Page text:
As a response to the 1994 Mexican peso crisis, in April 1995 the Mexican government increased the Value Added Tax (VAT) rate from 10 to 15%. More recently, policy makers have debated the potential economic impact of a reduction in the VAT rate on VAT revenue. Using a vector autoregression (VAR) model, this article analyzes the dynamics between government spending, inflation, the VAT rate, and VAT revenue in Mexico. The results from the estimated impulse response functions and variance decompositions indicate that VAT rate hikes lead to increases in government tax receipts. Further, tax collections play an important role in explaining movements in the rate of inflation in the Mexican economy. Overall, the findings are consistent with the view that increases (decreases) in the VAT rate result in larger (smaller) tax revenues.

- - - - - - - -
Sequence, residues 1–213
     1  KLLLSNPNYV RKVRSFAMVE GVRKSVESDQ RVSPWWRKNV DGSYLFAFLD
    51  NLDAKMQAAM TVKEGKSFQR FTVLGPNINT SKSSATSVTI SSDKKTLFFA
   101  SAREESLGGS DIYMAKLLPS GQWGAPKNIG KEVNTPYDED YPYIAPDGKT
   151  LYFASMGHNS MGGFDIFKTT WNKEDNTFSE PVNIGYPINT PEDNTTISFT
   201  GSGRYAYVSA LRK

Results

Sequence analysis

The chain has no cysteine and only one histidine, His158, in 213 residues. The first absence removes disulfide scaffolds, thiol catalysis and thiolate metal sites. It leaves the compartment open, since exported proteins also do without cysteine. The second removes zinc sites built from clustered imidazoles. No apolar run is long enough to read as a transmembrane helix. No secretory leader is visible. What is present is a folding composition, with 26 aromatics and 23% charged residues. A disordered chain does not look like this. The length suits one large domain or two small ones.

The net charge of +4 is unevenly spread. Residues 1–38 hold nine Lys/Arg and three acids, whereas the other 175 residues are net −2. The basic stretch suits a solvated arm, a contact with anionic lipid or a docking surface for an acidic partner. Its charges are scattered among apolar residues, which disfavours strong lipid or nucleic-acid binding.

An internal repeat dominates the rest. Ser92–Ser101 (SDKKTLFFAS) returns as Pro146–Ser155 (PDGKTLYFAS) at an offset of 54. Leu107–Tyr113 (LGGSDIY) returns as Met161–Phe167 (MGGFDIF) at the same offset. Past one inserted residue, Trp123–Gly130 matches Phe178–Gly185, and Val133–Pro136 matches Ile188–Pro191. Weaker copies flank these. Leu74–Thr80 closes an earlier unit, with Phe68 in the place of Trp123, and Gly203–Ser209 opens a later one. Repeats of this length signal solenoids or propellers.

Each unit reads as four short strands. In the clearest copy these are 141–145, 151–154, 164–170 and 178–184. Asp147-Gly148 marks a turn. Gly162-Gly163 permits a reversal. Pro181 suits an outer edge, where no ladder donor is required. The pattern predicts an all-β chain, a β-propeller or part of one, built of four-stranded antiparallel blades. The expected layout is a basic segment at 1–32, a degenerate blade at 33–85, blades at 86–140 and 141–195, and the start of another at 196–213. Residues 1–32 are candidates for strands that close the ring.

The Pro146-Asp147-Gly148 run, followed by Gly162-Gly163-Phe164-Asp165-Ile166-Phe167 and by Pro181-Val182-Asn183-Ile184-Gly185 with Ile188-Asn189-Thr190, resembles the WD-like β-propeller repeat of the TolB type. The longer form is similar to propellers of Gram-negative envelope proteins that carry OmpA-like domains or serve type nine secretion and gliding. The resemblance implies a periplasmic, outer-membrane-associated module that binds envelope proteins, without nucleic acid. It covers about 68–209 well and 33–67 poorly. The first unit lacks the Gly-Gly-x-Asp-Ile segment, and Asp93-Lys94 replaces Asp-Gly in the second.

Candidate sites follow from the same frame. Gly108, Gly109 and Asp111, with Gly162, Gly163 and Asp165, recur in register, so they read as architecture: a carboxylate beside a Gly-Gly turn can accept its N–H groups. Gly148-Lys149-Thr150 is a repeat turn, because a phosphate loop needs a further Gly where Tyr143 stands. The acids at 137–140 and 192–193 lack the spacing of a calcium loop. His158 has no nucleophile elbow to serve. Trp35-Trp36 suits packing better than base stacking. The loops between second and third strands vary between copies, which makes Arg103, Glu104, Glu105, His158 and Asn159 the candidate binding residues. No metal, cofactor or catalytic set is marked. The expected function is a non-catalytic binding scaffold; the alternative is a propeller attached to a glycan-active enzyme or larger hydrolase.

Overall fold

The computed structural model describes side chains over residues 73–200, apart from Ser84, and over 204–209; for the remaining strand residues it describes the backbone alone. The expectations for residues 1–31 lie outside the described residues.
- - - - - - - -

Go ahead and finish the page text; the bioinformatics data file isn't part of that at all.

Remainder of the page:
ASJC Scopus subject areas
- Business, Management and Accounting(all)
- Economics and Econometrics
- Public Administration